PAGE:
Charles Boswell "London Best" Pigeon Gun

By Chuck Hawks


Charles Boswell pigeon gun
Charles Boswell pigeon gun. Photo by Chuck Hawks.

This is my first and only "London best" gun. It is a beautiful bespoke gun from the late 19th Century, made a practical shooter by Briley tubes. It has a traditional British straight hand stock and splinter forend. Thank goodness the British discovered proper stock design long before their American cousins. This Boswell has a touch more drop at comb that I would choose, but it's not excessive and the gun is easy to shoot well.

The genuine English walnut stock has a relatively straight comb and handles recoil well. A real buffalo horn checkered butt plate protects the end of the stock. The oil finished wood is nicely (but not extravagantly) figured with dark streaks. Where it shines is in its light weight and very tight grain structure. This stock was selected first and foremost for heavy use, as befits a competition gun. In fact, every facet of this gun puts function first, although it remains a beautiful example of the gunmaker's art. Charles Boswell was himself a renowned pigeon shooter and pigeon guns were a Charles Boswell specialty.

Competitive shooters can be a conservative lot and that explains this gun's external hammers and double triggers. It was built well after hammerless guns had become widely available. It is a fully developed hammer gun, meaning that when cocked its hammers lie below the shooter's line of sight. They are rebounding hammers and it is safe to carry the gun with the hammers down and the chambers loaded.

There is no sliding tang safety--unnecessary on a hammer gun--but otherwise the Boswell operates the same as a modern hammerless double. The action is held securely closed by Purdy double underbolts, a Scott spindle opens the action and an Anson push button latch secures the splinter forend. The front trigger fires the right barrel and the back trigger fires the left barrel. All pretty standard stuff.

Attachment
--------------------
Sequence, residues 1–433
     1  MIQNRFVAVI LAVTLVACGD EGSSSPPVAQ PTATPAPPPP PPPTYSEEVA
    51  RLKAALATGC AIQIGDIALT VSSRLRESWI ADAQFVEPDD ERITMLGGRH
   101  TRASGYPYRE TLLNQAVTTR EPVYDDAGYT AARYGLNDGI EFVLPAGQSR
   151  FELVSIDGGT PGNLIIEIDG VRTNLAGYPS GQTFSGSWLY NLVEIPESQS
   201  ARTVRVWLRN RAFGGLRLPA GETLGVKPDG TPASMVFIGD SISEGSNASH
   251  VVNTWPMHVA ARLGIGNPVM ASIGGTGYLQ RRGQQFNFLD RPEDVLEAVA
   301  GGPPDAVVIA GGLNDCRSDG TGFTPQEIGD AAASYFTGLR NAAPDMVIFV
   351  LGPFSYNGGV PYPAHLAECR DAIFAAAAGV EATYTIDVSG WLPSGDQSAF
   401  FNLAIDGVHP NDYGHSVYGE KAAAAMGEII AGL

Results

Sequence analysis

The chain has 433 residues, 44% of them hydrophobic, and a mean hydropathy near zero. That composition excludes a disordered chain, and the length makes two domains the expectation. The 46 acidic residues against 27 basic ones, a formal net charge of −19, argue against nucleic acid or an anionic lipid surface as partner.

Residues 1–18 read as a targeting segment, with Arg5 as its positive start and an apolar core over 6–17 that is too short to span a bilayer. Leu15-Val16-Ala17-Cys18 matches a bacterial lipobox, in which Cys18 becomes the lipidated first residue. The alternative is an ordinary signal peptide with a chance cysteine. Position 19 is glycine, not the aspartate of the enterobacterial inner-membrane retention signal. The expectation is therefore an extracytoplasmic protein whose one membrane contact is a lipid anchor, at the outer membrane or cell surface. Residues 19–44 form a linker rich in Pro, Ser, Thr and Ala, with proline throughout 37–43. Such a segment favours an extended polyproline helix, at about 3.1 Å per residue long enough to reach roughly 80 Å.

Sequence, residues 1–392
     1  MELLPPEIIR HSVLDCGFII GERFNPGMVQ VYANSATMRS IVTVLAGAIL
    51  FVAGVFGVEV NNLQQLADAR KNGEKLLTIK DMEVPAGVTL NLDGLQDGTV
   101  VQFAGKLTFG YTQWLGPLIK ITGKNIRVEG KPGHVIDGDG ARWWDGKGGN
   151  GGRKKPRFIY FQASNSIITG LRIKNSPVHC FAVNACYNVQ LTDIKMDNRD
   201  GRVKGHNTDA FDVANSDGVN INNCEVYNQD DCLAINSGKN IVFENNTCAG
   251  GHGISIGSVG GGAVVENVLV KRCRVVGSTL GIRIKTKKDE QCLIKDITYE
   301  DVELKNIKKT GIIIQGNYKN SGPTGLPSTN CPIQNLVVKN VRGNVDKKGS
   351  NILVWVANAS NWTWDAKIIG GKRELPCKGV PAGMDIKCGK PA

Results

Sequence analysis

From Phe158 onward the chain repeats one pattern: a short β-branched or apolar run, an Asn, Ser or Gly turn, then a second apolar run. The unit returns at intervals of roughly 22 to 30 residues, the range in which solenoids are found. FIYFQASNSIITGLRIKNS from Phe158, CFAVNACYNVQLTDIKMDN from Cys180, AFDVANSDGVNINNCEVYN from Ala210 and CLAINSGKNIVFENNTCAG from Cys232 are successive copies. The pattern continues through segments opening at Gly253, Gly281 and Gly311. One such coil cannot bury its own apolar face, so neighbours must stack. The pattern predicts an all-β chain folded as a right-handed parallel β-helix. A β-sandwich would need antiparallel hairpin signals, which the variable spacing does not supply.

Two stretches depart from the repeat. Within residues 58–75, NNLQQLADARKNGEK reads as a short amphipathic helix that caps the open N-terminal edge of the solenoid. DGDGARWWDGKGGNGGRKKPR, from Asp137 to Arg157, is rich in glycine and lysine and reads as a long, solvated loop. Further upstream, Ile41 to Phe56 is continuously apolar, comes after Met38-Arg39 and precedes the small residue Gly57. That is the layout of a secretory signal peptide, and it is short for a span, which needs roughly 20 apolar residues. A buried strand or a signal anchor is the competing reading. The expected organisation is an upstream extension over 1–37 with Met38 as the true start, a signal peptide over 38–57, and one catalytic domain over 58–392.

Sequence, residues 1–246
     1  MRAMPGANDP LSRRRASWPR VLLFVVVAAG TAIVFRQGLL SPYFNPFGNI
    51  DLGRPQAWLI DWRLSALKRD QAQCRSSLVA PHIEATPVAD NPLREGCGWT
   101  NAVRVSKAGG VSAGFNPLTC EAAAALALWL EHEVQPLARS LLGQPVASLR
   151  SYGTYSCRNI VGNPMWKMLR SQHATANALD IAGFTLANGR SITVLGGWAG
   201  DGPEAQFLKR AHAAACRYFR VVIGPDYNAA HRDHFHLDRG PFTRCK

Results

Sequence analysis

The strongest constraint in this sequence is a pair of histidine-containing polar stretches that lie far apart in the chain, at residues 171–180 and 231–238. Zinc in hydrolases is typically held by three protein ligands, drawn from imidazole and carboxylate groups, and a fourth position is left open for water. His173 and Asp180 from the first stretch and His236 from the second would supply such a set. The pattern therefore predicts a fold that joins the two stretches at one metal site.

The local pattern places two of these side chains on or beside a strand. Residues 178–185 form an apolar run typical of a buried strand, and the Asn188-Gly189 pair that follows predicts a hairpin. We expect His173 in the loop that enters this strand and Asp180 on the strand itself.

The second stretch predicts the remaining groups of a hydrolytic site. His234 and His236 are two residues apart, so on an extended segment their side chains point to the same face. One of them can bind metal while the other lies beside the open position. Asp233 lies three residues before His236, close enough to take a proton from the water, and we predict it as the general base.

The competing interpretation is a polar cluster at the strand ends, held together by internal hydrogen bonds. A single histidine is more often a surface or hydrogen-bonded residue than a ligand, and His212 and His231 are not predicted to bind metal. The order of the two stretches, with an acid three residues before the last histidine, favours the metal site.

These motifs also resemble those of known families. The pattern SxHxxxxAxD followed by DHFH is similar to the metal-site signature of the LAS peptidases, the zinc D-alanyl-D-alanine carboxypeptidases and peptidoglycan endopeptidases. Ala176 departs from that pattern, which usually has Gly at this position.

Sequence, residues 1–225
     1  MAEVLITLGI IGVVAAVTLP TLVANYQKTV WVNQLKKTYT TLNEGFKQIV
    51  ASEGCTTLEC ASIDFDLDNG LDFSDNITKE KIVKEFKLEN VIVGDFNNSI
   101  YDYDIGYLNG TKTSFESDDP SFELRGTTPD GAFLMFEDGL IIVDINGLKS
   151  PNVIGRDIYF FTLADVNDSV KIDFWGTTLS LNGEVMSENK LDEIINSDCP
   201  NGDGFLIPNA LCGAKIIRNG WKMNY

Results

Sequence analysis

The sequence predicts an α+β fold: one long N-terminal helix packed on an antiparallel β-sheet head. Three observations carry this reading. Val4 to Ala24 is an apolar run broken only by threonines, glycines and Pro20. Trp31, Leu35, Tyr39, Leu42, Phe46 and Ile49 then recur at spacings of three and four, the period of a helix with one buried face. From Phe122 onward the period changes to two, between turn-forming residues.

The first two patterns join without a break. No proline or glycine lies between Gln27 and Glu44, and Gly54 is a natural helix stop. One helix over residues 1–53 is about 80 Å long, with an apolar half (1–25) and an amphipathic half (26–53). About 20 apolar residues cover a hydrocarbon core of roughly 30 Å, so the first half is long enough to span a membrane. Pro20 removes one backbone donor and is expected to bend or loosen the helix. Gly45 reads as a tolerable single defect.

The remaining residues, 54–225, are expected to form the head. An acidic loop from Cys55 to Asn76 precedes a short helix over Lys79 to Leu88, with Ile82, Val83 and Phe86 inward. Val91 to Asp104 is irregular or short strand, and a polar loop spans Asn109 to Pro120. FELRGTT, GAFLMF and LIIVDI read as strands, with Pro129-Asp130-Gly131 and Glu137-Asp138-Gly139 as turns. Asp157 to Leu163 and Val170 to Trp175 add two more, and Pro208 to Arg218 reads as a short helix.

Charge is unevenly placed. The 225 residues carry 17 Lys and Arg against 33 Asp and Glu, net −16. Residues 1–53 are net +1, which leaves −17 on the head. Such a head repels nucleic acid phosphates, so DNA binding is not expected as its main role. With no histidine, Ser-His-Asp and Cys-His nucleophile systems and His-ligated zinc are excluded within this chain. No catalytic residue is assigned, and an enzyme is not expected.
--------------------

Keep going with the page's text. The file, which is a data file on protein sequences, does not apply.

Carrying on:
Because it was designed as a pigeon gun, in addition to the underbolts there are side clips and a doll's head top fastener for maximum strength and longevity. Simple extractors are fitted instead of the selective ejectors typically found on field guns of this quality. Speed reloads were not an issue in live pigeon competition, as only two shots were allowed per bird.

The Boswell is extremely refined. Its slender wrist has to be felt to be appreciated. Its petite 12 gauge frame is thinner in cross-section than the 20 gauge frames of the Parker or Charles Daly 20 gauge doubles that I have owned. Even with the Briley tubes, this gun weighs a few ounces less than did my 20 gauge Parker DHE.

The triggers are slightly twisted to favor a right-hand shooter. The trigger pulls are excellent for a shotgun, much better than most new rifles and pistols today. The front trigger releases at 3-1/2 pounds and the rear trigger at 4 pounds. Both triggers break cleanly without perceptible take-up.

The receiver has elaborately carved fences. The receiver body, top and bottom tangs, trigger guard, top lever and forend iron are all engraved in a fine English scroll pattern. Engraving coverage is 100%. Screws are indexed. There is a silver stock oval for the owner's initials or crest.

Charles Boswell pigeon gun